Strategically Managing Change – Keynote
A keynote is a speech or presentation that establishes the main underlying theme of a conference or event, usually to a large audience and lasting approximately 45 minutes.
Leading and managing change is an important subject at a time when organisations have to introduce new processes, and modify old processes, in order to remain competitive. The impact of frequent change, or infrequent but significant change, on people can often be de-motivating and negative. It doesn’t have to be though. This session is designed to help understand how and why people react to change. The more we understand ourselves and others, the better we can implement change initiatives, maintain productivity and maximize the effectiveness of everyone involved. Otherwise, people can struggle with what is being asked of them, either because they don’t comprehend something and feel unable to express that; do not want to come out of their comfort zone, or as is most typical, they are asked to take on board change after change with not enough time to adapt. The result can often be reluctance at best and resistance at worst, both of which reduce productivity and cost companies money. This seems paradoxical when you consider that most changes are implemented in order to save costs!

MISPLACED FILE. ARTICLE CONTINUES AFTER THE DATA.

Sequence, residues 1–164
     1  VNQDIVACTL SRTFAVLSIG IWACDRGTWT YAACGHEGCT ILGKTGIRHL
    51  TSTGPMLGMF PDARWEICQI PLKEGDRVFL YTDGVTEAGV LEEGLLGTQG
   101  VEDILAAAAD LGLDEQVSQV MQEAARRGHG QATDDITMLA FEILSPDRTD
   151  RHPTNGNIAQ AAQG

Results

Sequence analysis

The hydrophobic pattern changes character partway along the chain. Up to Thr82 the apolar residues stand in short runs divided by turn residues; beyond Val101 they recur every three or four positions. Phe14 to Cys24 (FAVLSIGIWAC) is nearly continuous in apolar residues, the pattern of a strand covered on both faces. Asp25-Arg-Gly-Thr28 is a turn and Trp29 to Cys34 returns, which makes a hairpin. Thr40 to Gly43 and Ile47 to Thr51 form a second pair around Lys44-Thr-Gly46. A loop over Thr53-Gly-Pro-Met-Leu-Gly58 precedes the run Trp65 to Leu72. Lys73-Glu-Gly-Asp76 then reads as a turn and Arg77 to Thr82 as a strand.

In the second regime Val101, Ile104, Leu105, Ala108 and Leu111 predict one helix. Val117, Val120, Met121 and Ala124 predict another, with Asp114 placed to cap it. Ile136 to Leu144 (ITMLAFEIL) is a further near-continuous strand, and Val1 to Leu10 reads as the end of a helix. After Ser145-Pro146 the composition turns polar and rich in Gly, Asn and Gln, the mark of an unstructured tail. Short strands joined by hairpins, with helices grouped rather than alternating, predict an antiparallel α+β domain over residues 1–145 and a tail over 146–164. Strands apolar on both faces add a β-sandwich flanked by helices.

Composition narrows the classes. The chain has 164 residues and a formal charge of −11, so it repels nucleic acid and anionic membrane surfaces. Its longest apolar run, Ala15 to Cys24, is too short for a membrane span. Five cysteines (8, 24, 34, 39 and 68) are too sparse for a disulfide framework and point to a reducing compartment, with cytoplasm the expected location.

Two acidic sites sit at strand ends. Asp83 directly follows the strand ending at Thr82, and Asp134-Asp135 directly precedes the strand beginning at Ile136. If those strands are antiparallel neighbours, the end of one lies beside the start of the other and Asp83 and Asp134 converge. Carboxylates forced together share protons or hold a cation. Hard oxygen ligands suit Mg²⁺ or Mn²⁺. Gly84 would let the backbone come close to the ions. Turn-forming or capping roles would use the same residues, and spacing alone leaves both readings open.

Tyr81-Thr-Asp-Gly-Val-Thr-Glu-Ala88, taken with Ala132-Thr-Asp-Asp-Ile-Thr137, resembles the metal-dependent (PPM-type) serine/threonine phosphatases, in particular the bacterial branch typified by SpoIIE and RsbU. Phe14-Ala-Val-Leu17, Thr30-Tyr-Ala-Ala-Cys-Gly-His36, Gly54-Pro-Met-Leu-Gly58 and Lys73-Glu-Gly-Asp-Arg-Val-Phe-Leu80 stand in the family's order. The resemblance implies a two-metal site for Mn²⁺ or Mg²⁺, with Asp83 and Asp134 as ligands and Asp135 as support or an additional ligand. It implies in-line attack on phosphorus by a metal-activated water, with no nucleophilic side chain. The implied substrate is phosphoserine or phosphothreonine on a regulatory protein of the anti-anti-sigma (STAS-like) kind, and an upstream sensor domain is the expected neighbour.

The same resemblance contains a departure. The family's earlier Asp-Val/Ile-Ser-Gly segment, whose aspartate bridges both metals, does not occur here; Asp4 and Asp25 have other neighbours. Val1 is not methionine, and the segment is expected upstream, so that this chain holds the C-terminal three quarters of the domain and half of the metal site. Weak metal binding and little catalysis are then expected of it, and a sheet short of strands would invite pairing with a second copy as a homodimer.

This is an interactive keynote involving getting the audience to question what change is; mistakes that organisations make when managing change, and practicing the A to C Model. I also ask them to complete a questionnaire that looks at the influence a personality characteristic related to our desire to control life plays in whether we adapt well to change.
- To define ‘change’ and explore its varying impact on people. We all think we experience change but knowing what it is about change that causes anxiety is an easy way to keep the process on track
- To look at typical mistakes organisations make and my recommendations to avoid and correct these
- To explore a model for Managing Change called the A to C model which is very interactively explored and suits even large numbers in the audience.
- To introduce a personality characteristic that differentiates those people who are likely to cope well with change, from those who will need more support. Understanding why we like control in our lives and how to help people maintain a sense of control despite going through a change programme, is the key to maximizing the effectiveness of the process and the employees
- To conclude with the ‘Top Tips’ for helping people handle change better and thereby keep them as effective as possible.
Each member of the audience receives a relevant handout and questionnaire for use in the workshop.